For the migrants themselves, before even setting foot overseas, the process must begin in China. TWOC spoke with a Ms. Li, from Jiangsu province, who has a daughter in the process of applying for a marriage visa in Australia. If successful, one day, Li may move.
“If I didn’t have any family overseas I wouldn’t want to move. At my age it would be really hard to fit in. But with a child there it would be like a buffer, a medium to get used to Western society. Chinese people, of all people, need their children’s help when they get old, because we don’t have the facilities to help elderly in our society.”
“My retirement salary is already pretty good in my area,” she said. “I can live comfortably here so far. However, If my [daughter] is overseas, I have no other choice but to move to whichever city she’s going to move to, so at least I will have someone to send me to the hospital in emergencies.”
She said that while a desire to move to a more developed country is common, it is far from universal among her peers. “Some Chinese friends of mine wouldn’t want to move overseas even if they could, because they can’t stand being lonely. They want to stay with their mahjong friends in the environment that they’re familiar with because they’re scared of learning new things. I can stand being lonely, I guess.”
She was optimistic she could learn some “basic English.” “Language is going to be a problem at first of course,” she said. “But in some countries there will be lots of Chinese people in some communities. And given a language environment we will be forced to learn. It depends on the person. Some people learn faster than others.”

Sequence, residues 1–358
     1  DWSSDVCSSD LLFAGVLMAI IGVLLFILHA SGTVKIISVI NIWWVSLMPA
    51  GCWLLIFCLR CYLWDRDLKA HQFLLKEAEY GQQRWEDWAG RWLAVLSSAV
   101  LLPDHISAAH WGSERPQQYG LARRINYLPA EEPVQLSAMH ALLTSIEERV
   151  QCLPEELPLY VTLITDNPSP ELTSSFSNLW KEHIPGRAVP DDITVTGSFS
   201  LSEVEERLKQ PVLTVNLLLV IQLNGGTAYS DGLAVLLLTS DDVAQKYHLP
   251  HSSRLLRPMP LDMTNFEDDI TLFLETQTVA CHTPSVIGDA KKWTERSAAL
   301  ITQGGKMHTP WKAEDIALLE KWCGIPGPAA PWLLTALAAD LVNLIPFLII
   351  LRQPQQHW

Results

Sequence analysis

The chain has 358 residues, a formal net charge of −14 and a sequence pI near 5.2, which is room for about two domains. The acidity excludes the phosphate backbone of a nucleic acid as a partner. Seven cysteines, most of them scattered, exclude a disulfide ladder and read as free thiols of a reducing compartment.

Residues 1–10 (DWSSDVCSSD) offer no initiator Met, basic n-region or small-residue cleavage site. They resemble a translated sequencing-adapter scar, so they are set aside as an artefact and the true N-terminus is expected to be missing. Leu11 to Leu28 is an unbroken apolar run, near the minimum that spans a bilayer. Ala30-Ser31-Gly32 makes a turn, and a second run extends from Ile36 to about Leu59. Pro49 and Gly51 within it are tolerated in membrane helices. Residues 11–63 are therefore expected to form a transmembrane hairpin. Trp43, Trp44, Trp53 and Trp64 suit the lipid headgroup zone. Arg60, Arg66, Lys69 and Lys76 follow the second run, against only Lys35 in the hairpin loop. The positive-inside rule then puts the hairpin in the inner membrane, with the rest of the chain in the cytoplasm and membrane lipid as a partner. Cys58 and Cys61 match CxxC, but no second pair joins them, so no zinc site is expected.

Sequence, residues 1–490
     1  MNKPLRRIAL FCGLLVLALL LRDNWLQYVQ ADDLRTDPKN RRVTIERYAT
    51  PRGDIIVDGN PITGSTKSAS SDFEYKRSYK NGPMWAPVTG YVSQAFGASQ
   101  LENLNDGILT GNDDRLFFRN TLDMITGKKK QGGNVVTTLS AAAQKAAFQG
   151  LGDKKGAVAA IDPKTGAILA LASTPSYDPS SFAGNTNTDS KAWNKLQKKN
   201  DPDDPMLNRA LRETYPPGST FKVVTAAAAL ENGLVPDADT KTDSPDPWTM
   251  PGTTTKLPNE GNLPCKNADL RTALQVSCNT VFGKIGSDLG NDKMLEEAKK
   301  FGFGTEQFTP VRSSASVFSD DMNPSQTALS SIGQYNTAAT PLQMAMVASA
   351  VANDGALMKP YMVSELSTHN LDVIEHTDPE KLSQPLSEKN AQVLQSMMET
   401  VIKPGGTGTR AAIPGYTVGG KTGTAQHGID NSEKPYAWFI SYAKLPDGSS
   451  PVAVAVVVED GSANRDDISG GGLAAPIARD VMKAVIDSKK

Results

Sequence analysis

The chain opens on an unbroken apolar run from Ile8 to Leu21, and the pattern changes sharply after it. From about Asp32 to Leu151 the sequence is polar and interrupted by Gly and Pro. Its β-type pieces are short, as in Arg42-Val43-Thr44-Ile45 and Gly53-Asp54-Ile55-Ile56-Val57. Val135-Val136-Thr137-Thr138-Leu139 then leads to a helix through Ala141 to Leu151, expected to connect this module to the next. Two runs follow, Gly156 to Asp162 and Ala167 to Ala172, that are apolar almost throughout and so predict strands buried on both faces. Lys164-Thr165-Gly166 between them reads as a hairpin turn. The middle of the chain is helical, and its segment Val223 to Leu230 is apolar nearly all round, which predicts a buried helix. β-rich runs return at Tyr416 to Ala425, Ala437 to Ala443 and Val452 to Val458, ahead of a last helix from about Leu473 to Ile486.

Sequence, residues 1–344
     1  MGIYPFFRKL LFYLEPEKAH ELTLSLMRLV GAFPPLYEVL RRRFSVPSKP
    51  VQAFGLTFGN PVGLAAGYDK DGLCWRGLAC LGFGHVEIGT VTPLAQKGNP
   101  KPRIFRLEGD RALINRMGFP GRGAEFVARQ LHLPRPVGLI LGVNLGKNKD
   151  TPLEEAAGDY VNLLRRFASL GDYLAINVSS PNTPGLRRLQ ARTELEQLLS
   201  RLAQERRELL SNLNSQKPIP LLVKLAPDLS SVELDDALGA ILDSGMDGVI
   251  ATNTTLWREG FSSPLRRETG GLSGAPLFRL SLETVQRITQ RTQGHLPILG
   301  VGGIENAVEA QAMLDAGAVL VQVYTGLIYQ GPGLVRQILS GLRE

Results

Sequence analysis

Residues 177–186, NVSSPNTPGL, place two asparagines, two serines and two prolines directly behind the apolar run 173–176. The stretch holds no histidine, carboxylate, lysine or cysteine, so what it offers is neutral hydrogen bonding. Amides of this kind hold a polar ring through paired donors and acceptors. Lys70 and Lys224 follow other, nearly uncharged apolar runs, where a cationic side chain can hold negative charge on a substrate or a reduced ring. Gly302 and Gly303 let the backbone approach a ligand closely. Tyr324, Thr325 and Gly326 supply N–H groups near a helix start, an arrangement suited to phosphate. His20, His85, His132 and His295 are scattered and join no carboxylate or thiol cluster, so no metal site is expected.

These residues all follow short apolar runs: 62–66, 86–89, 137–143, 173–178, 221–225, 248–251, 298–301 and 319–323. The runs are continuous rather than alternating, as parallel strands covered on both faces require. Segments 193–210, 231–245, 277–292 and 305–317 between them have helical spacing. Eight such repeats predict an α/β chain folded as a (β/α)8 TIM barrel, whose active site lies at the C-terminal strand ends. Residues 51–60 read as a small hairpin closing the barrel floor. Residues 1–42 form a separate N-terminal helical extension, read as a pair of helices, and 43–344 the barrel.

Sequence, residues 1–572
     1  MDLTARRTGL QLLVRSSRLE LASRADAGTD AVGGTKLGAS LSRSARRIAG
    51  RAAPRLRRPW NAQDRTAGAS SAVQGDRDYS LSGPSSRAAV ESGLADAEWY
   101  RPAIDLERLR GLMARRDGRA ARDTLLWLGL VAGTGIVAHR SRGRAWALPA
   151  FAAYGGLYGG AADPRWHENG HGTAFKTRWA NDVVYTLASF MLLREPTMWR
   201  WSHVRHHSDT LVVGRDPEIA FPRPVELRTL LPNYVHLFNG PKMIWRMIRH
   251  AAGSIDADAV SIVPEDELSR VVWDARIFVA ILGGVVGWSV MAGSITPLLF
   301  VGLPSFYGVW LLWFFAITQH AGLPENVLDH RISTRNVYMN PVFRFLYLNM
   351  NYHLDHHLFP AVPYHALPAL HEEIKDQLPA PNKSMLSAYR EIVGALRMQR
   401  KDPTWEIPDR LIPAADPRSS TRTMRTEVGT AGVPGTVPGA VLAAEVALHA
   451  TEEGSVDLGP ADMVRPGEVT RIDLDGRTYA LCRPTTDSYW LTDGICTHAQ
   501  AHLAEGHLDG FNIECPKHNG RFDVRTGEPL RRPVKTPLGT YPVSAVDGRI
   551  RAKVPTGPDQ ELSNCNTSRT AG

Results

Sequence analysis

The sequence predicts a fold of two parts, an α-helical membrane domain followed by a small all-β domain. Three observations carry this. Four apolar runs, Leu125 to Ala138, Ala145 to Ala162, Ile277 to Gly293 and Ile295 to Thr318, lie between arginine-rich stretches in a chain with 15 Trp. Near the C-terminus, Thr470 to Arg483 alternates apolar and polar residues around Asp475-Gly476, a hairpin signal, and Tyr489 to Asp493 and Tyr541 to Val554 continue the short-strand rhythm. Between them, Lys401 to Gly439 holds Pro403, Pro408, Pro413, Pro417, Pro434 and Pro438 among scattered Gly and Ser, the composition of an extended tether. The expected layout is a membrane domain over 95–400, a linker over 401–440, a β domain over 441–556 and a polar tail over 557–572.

Most of Li’s reasons for choosing to emigrate, aside from being with family, relate to problems in China. “I have a college friend who married an American guy in the 1990s and they had three children. All are very cute and outgoing, unlike Chinese kids whose spirits are crushed by homework. If I had three kids, none of them would have been able to afford college, let alone graduate school.”
Li spends a lot of time online, and also chatting with friends, so TWOC asked her what her impressions she has formed of the “best” country to move to. “America, Canada, Northern Europe, Australia and maybe New Zealand?” she said. “America is good, but the gun problem is serious. Canada is too cold, and I don’t like cold environments. Northern Europe is harder to immigrate to, and despite the good welfare, it’s also too cold and there aren’t existing Chinese communities. Australia and New Zealand have better climates, my daughter told me.”
Despite the worries, there are, of course, plenty of happy stories. Dr. Fong pointed out that the most important advice she can give for migrants seeking a happy life overseas is to create a community of friends. “It’s important for them to have peers who can understand their needs, inner doubts or struggles, play with them at their physical level, laugh with them for things that are familiar to their generation, and to have some professional support and guidance when they are troubled socially and emotionally.”
“After all,” she said, “only when seniors can have their own life that they won’t be perceived as ‘a burden’ to their grown-up children and they don’t have to ‘rely’ so much on their children to keep them happy.”
Migration After Middle Age is a story from our issue, “Wildest Fantasy.” To read the entire issue, become a subscriber and receive the full magazine. Alternatively, you can purchase the digital version from the App Store.